Gone feral

I have a couple of friends who I met during my last stretch of office work way way back last decade. I joke with them that, having spent 10+ years as a freelance writer/intensely underappreciated author, I was no longer compatible with the in-office lifestyle. I’d gone feral. Put me in an office from 9-5 and I’d spend all the time hissing at my co-workers while lurking under my desk.

But my fear now is that I’ve gone feral in a general sense. Much like a cat that’s forgotten how to be domesticated, I’m no longer sure how to get along with regular society. I gotta blame the pandemic for a big chunk of this, but not all.

You see, I started to withdraw into the hermit’s life before that. I cut out the old hobbies that just weren’t any fun anymore. Sometimes you keep doing an activity that used to be fun, in hopes it will be fun again. That’s like continuing to chew a piece of gum long after it’s lost its flavour, hoping its going to get sweet again. Chasing nostalgia. But cutting the hobbies out meant cutting contact with the hobby-related friends.

And I also decided to back away from the volunteer organization I was a part of, citing a need to focus on my professional writing career (such as it is). And again, leaving the organization meant leaving that social circle behind.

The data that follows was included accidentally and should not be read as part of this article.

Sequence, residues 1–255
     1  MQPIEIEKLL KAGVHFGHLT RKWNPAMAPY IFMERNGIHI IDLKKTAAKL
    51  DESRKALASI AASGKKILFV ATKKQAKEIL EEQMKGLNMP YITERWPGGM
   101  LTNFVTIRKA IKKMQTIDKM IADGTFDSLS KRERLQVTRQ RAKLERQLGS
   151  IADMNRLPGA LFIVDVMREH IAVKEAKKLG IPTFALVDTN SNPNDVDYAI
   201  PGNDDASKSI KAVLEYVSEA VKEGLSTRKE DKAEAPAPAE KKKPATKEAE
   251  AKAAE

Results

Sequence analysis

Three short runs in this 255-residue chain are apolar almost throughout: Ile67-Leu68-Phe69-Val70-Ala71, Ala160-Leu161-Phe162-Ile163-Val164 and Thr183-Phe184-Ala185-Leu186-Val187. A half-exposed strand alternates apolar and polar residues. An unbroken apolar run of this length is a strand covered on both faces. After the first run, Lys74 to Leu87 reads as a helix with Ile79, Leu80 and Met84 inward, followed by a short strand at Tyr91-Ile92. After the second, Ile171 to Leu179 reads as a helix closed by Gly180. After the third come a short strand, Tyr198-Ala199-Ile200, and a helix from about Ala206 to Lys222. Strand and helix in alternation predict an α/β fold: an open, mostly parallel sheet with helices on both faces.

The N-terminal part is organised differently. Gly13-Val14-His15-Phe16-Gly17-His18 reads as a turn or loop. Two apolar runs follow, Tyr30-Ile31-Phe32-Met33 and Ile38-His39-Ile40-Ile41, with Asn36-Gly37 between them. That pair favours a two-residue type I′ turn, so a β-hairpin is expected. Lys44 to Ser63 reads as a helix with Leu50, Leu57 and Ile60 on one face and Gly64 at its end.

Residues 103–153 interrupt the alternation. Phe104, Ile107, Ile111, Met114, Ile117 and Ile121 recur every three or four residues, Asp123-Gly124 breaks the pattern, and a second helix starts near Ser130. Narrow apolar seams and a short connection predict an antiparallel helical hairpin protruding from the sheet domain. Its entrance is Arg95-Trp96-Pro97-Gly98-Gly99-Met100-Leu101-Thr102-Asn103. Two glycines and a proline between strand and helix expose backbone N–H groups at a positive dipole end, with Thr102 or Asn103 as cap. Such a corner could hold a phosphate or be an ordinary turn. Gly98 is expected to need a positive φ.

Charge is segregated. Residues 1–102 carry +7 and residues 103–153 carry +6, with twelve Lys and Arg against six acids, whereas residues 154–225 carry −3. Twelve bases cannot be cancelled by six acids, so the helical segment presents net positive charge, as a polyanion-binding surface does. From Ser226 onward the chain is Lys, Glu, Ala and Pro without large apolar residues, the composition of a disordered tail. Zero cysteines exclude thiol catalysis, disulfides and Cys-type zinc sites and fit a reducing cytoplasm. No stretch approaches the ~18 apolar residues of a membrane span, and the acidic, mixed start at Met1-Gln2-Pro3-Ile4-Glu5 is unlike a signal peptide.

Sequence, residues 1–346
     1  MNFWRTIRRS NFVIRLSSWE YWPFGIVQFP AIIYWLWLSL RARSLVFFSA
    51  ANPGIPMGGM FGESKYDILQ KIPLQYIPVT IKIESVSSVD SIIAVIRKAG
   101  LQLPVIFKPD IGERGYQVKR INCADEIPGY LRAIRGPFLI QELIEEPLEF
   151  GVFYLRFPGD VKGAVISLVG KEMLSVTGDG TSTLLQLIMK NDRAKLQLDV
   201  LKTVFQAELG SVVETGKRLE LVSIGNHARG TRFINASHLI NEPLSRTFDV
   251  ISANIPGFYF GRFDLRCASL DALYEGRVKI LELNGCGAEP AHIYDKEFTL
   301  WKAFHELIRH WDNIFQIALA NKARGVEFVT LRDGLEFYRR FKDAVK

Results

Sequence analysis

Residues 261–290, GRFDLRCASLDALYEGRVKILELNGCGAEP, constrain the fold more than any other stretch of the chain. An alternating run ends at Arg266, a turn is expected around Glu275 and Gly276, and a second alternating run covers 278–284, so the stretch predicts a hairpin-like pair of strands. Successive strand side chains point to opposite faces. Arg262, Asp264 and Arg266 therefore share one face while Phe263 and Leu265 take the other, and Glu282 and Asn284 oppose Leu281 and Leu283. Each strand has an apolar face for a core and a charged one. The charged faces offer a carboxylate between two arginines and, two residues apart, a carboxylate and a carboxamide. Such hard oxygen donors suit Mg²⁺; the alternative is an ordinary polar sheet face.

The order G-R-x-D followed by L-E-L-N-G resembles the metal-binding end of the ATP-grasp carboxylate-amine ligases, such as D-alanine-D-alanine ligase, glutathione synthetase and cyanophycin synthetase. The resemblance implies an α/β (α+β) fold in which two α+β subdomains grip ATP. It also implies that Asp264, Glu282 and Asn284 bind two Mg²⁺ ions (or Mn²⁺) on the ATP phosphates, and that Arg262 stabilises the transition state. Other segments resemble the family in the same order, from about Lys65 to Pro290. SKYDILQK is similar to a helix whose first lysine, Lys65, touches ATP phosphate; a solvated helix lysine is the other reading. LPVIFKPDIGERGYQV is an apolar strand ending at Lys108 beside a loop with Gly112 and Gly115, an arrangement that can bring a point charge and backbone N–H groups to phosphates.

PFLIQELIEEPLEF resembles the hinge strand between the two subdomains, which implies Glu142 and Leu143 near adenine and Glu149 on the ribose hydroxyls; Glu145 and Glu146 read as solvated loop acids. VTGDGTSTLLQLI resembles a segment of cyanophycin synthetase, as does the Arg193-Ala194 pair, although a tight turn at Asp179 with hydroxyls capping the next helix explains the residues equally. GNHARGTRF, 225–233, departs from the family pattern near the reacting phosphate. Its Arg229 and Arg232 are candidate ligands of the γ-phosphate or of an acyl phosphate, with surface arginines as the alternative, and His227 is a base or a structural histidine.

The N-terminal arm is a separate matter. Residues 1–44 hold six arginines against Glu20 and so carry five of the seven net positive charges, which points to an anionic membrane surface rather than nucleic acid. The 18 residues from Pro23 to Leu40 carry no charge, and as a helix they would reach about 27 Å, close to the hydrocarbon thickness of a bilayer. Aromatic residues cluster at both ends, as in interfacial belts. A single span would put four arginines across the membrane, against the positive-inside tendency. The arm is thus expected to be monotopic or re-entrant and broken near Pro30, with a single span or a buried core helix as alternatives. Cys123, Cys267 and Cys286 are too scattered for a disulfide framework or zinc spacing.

Then two years of not doing much of anything outside the house happened. I found the limits of my introversion, and then went far beyond. I know I need to re-connect with peers, acquaintances and friends, but I’m frankly clueless on where to look for them.

Sprinkled on top of this situation is the spice of getting older. I just had my 48th birthday, and there was a little bit of reflection about getting older and needing people. When you start to see the hint of the downhill slope into old age and all the challenges and heartbreaks that come with it, suddenly being a lone wolf doesn’t seem like a beneficial thing at all. Shouldn’t I have some kind of robust support network by this age? Am I so churlish and coarse? I don’t think so, but the doubt pricks at my mind in the dark hours of the night.

Instead of leaving this post as a morose meditation on isolation, I’m going to put on my positivity pants. First, I’ve identified the issue, and I’m admitting it is an issue. That’s, like, 90% of the battle right there (estimated percentage may be optimistically high). Second, I know there are many opportunities to get out and meet new people and expand my personal network. And third, I have faith that there are many people who, even though I do not see them frequently, would do what they could to help me when needed, because they know I’d do the same for them. Oh and fourth, my wife really loves me and she’s my best friend in the best possible sense.

Published by Chris

I'm an author, freelance writer, dad, and civic busybody living in London, Ontario

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